If you find parts of your face are becoming darker than others, especially around the forehead, apples of the cheeks and jawline you most likely have hyper-pigmentation.
What is hyper-pigmentation?
Hyper-pigmentation describes any disorder where the melanocytes (Melanin pigment-producing cells in the skin) have become over-active and are producing too much pigment, causing a patchy or un-even appearance in skin tone.
A Common type of hyperpigmentation is Melasma, which is a broad term used to describe physiological factors which may cause this over-action of the pigment-producing cells.
Melasma is commonly caused by fluctuating hormone levels, specifically oestrogen, during pregnancy, menopause or can be caused by oestrogen supplements, contraceptive pills, HRT and cellular hypersensitivity to normal oestrogen levels.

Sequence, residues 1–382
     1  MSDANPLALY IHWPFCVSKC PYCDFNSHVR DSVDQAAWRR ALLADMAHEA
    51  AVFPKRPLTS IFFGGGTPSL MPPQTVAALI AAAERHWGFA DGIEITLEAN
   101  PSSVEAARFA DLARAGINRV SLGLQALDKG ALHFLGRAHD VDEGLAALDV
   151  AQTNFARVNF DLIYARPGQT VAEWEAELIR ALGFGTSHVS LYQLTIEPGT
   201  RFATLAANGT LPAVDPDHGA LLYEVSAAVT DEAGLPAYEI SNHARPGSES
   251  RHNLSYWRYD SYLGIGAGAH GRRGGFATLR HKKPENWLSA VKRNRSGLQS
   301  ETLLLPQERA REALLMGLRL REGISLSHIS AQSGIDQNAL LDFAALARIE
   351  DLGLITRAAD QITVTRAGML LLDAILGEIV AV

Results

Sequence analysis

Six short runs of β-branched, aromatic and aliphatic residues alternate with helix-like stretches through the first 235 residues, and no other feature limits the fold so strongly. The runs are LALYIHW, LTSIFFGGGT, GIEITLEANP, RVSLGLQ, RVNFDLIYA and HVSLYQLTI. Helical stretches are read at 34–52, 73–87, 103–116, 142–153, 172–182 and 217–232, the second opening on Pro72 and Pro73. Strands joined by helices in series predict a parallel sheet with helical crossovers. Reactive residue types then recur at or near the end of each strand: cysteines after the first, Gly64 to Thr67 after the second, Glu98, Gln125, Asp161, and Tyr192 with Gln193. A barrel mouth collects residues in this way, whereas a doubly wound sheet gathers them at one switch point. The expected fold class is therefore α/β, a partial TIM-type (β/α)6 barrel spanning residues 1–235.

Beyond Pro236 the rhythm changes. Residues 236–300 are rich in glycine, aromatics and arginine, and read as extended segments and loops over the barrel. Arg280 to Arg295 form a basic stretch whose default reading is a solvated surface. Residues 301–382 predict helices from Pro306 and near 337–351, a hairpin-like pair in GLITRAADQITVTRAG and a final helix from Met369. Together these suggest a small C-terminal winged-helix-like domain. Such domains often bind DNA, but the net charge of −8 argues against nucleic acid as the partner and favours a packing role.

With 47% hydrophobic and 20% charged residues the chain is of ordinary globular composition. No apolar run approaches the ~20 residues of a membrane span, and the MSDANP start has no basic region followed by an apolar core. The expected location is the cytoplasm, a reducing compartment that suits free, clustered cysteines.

Sun exposure is an added culprit, together with the hormones it plays an important role in the distribution of melasma on sun exposed skin.
How to prevent hyper-pigmentation
Preventative measures include limiting Sun and UV exposure (from sun beds) by wearing minimum factor 30 or even factor 50 sun screen daily, full UV protecting sun glasses and sun hats. A long fringe may reduce the UV reaching your skin, but is not an ideal solution.
If you are taking the contraceptive pill you may want to ask your family doctor for a non-oestrogen alternative.
If you’re still suffering you should consult your doctor or dermatologist about how to manage your melasma.
How to treat hyper-pigmentation
Fortunately there are several effective treatments for hyper-pigmentation
Skin peels such as glycolic acid peels, TCA and Jessner are very effective at removing excess pigment.
Prescription de-pigmenting creams containing the active ingredient hydroquinone, such as Pigmanorm.
All of these treatments would have to be administered by a qualified clinician, nurse or doctor.